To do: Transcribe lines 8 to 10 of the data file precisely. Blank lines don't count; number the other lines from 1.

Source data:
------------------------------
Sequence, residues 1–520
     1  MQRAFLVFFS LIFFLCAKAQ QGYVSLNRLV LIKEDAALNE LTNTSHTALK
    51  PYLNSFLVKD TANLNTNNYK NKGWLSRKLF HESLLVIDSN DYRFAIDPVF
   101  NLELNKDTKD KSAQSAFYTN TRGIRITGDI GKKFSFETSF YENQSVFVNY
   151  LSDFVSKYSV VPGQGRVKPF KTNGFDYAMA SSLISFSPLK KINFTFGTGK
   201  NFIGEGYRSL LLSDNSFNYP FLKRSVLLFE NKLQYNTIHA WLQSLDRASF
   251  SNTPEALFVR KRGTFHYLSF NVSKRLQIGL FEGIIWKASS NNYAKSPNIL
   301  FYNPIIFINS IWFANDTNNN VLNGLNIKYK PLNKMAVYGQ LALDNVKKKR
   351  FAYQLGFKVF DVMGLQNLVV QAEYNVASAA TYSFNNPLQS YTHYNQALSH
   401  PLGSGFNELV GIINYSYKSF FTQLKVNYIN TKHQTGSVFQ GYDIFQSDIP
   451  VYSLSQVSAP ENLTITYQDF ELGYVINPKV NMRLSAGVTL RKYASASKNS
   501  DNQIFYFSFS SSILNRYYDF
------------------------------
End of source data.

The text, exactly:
   301  FYNPIIFINS IWFANDTNNN VLNGLNIKYK PLNKMAVYGQ LALDNVKKKR
   351  FAYQLGFKVF DVMGLQNLVV QAEYNVASAA TYSFNNPLQS YTHYNQALSH
   401  PLGSGFNELV GIINYSYKSF FTQLKVNYIN TKHQTGSVFQ GYDIFQSDIP